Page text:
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Salman Rushdie’s years as an ad man

LiveMint logoLiveMint 24-09-2017 Anvar Alikhan

There is a parallel universe out there, where Midnight’s Children was published, criticized for being unreadable and disappeared into literary oblivion (as many people feared it might). In that parallel universe, Salman Rushdie went back to spend the rest of his career as an unknown, moderately successful advertising copywriter. Thus The Satanic Verses and the fatwa never happened, and nor, of course, did his new book The Golden House.

Rushdie began life, straight out of Cambridge, as a struggling actor in London’s fringe theatre. But a friend who had just gotten himself a well-paid, glamorous job in advertising suggested that he should try to get a job as a copywriter, telling him, “It’s really easy, Salman.”

Rushdie went to J Walter Thompson to do a copy test, which included assignments like explaining to a Martian, in just 100 words, how to make toast, and writing a radio spot for seat belts. Rushdie seems to have done a pretty good job of the test, because his seat-belt radio spot, for example, was an imaginative take-off on Chuck Berry’s rock ‘n’ roll hit, No Particular Place to Go. But, for whatever reason, he didn’t get the job. A few months later, however, he joined the little ad agency of Sharp MacManus, where his first assignment was a thoroughly forgettable Christmas promo ad for Players cigars.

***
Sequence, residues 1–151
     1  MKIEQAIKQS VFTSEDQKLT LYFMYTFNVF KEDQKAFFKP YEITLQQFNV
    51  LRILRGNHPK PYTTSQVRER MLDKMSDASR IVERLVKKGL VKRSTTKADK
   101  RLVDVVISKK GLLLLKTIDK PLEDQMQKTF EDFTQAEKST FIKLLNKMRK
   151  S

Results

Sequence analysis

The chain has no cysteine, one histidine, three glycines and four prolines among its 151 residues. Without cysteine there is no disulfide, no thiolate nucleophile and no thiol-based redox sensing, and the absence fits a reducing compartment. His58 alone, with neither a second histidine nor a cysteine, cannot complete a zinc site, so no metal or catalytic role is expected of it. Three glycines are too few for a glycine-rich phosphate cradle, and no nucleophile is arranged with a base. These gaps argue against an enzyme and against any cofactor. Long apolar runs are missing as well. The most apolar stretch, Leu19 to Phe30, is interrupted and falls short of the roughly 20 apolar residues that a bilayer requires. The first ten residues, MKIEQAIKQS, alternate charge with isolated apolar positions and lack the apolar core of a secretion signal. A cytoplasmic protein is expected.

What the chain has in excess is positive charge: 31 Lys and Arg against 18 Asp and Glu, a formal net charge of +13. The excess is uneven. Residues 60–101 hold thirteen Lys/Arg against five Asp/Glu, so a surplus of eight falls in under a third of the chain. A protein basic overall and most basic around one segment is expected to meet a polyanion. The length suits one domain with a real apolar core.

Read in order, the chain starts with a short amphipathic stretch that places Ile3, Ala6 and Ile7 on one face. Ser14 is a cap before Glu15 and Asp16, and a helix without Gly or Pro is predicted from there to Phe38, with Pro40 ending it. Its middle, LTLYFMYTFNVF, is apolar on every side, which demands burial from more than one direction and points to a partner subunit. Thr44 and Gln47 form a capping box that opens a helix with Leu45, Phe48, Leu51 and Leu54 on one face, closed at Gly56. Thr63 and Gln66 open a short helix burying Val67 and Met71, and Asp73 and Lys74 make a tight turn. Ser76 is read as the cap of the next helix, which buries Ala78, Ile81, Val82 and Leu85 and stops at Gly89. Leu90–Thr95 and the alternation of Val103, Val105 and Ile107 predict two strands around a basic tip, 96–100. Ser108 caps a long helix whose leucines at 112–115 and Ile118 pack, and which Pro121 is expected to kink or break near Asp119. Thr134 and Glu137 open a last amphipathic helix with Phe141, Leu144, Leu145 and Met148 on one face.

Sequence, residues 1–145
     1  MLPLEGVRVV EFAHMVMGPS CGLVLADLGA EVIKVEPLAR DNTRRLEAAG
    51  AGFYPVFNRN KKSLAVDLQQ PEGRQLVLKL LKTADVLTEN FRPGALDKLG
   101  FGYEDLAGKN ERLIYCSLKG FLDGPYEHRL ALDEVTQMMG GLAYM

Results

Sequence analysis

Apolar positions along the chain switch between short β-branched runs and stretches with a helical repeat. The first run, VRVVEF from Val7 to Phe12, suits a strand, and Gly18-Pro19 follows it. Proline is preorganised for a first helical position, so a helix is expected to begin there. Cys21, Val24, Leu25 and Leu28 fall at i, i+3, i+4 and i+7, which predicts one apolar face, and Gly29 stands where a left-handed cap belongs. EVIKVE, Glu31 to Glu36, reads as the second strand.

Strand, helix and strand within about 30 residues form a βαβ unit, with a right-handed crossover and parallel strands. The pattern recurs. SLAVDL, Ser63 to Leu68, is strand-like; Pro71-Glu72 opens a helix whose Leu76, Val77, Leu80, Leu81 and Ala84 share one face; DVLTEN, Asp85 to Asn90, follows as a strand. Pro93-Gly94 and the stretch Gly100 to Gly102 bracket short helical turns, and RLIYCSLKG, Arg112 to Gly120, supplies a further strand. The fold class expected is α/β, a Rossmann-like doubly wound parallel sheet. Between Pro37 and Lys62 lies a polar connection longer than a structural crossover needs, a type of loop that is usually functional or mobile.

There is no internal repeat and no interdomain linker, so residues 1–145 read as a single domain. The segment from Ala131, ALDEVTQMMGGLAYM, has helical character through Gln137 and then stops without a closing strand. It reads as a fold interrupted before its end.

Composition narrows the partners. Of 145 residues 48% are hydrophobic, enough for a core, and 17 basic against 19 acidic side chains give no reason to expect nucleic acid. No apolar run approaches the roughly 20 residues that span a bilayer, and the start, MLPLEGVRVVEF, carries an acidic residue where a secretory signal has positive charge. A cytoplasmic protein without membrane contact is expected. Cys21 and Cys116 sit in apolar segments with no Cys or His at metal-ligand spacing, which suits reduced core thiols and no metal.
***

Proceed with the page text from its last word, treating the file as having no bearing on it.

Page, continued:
Rushdie later went on to work for Ogilvy & Mather, where colleagues remember him as a somewhat morose character, whom they nicknamed “Salmon Fishcake”. Ogilvy, at that time, was a fuddy-duddy agency, dubbed “the ministry of advertising”, in an era when other British agencies like Collett Dickenson Pearce & Partners, Boase Massimi Pollitt, and Saatchi & Saatchi were creating some of the world’s most exciting advertising and redefining the state of the advertising art.

Salman Rushdie during his copywriter days.

The campaign Rushdie is best remembered for at Ogilvy was for Aero chocolate, whose USP was that it was filled with hundreds of tiny air bubbles. The way that campaign happened is a classic example of the role that accidents play in creativity. A colleague of Rushdie’s, who was working on the brand, was in deep trouble because a client presentation was scheduled for that afternoon, and by lunchtime he still hadn’t come up with any ideas to present. In a complete panic, he called Rushdie into his cabin to help him out. As the two of them sat together, trying desperately to think up ideas, the colleague said, in a panic-stricken stammer, “It’s f-----g impossib-ib-ib-ible”.

Rushdie remembers that a light bulb suddenly went off in his head, and he started scribbling down all the words he could think of that ended with “ible” or “able”, and twisting them into “bubble”. Hence, a series of clever one-liners for Aero chocolate, like “Adorabubble”, “Delectabubble”, “Incredibubble” and “Irresistibubble”. Indeed, the idea proved so flexible that the campaign was extended into media like bus panels that said “Transportabubble”, shop signs that said “Availabubble here” and even trade ads that said “Profitabubble”.